job. It is conceded that both persons selected for the vacancies at LASS were under 40. Thus. Plaintiff has established all the elements of a prima facie case under the ADEA.
Defendant, however, has articulated a legitimate, non-discriminatory reason for Plaintiff's nonselection. "[A] decision . . . not to hire a person because of his or her disruptive or uncooperative behavior is proper . . . because it relies on a legitimate, nondiscriminatory reason." Chalk v. Secretary of Labor, 184 App. D.C. 189, 565 F.2d 764, 768 (D.C. Cir. 1977) (citations omitted). Plaintiff was not hired because the selecting official believed that he did not have the proper temperament for the LASS job. In Chalk the court found the plaintiff's "abusive manner" to be a legitimate reason for not hiring him as a writer/editor position at the Department of Labor. Id. In this case it was Plaintiff's abrasive personality which caused Miller not to hire him.
Indeed, Plaintiff's abrasive personality presents an even stronger case for nonselection than it did in Chalk. Good interpersonal skills were an integral component of the job to which Plaintiff applied. Plaintiff was not applying to be a writer/editor, or even a computer programer. Plaintiff was applying for a job which entailed convincing litigating attorneys to use LASS's computer support services. The ability to serve potential "customers" was crucial to the office's success and indeed its survival. Miller concluded that Plaintiff simply did not possess the requisite interpersonal skills for the vacant positions. Unlike Chalk, Miller did not base his opinion of Plaintiff on a single outburst. Rather, he first sought the opinion of Ms. Smith, who had worked closely with Plaintiff over a long period of time. Even after he received her opinion, he consulted Maslinoff and Hunt, both of whom corroborated the opinion that Nerenstone was difficult to work with and abrasive.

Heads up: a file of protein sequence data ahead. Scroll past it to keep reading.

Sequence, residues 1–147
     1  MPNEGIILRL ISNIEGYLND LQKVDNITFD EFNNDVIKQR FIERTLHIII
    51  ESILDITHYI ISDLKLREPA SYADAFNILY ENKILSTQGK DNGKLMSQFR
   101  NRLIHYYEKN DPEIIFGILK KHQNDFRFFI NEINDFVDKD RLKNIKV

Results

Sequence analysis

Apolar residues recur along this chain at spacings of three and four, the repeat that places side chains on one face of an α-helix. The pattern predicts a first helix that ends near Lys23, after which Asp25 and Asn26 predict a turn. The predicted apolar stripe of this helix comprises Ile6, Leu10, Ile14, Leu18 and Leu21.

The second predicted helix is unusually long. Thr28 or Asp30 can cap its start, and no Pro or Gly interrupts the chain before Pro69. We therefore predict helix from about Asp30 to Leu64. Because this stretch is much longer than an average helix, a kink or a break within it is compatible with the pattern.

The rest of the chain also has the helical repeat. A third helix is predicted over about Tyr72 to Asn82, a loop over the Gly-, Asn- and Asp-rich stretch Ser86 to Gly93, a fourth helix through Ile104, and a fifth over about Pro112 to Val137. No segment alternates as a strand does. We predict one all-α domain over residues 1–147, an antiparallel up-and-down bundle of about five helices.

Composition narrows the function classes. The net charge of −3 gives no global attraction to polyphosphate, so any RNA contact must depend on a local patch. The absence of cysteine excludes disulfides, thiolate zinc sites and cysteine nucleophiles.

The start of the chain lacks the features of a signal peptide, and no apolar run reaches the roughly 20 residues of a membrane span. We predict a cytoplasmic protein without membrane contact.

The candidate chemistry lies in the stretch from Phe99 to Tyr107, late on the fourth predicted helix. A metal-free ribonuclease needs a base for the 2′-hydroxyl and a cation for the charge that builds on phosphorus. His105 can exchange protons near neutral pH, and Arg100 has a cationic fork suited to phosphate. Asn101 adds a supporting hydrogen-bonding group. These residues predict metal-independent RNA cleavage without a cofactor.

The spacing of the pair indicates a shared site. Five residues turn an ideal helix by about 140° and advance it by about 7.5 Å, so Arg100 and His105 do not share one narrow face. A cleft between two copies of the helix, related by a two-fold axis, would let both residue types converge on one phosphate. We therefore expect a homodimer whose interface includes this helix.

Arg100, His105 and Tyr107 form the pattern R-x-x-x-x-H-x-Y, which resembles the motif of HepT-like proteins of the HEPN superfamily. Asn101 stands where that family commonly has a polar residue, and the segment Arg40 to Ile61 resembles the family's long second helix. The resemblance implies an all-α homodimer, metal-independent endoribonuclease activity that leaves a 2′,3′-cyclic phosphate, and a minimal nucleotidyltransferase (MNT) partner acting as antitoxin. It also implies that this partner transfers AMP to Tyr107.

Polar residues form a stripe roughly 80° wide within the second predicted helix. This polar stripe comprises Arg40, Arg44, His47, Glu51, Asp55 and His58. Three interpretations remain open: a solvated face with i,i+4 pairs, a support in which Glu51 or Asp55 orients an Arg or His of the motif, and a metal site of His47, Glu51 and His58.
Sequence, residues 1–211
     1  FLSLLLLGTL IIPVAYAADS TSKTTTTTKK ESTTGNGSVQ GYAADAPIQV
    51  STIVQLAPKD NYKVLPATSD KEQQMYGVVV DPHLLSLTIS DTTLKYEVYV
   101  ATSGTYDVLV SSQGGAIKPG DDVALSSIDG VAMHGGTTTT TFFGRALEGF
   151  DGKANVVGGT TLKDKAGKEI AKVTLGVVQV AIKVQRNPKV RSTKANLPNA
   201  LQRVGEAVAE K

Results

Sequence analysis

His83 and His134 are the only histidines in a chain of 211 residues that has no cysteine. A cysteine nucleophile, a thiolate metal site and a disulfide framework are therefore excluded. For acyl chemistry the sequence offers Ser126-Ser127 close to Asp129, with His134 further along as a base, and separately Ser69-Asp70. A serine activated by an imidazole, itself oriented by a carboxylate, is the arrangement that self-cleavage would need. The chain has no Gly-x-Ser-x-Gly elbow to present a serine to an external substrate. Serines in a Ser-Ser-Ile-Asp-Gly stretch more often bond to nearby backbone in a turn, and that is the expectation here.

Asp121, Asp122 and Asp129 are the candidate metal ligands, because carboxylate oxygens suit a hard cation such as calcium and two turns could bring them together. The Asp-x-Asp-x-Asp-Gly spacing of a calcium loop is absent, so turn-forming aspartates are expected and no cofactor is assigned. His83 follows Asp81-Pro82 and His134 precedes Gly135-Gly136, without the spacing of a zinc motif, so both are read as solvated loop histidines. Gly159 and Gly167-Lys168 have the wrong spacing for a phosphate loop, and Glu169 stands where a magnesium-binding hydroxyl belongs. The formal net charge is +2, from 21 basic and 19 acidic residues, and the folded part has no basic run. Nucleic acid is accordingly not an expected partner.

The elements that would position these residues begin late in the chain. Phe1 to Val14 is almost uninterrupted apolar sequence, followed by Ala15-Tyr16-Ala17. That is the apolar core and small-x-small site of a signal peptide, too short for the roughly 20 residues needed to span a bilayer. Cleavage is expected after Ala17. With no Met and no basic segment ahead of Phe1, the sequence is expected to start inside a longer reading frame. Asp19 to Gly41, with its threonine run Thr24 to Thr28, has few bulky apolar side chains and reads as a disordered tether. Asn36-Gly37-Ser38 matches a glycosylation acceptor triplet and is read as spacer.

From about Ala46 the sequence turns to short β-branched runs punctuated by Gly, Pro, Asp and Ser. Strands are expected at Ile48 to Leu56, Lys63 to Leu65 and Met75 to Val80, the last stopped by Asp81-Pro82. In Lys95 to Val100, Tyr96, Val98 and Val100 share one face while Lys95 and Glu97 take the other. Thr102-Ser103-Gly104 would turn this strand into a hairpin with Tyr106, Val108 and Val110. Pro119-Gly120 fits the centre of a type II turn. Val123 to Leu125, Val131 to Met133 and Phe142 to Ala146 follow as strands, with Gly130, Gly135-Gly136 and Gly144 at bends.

Plaintiff has not presented evidence that proves Defendant's reasons for not hiring Plaintiff were pretextual. The Court credits Mr. Miller's testimony that his statement that Plaintiff was "too senior" had nothing to do with Plaintiff's age. Miller was referring to Plaintiff's GS-14 grade and his doubt as to whether Plaintiff would be willing to accept the pay cut which taking the GS-11/12 LASS position would entail. This coupled with the poor reviews Nerenstone had received from Smith, Maslinoff and Hunt makes it clear that Plaintiff's not being hired had nothing to do with his age. It was his negative personality which deprived him of the opportunity to be hired.
This Court's own observation of Mr. Nerenstone's demeanor at trial and at pretrial hearings further showed Defendant's reasons not to be pretextual. Plaintiff appeared to be an intelligent person. However, he was overly aggressive and abrasive. At times he would interrupt his counsel's presentation in a rude manner. At other times he would abruptly leave and return to the courtroom without any explanation.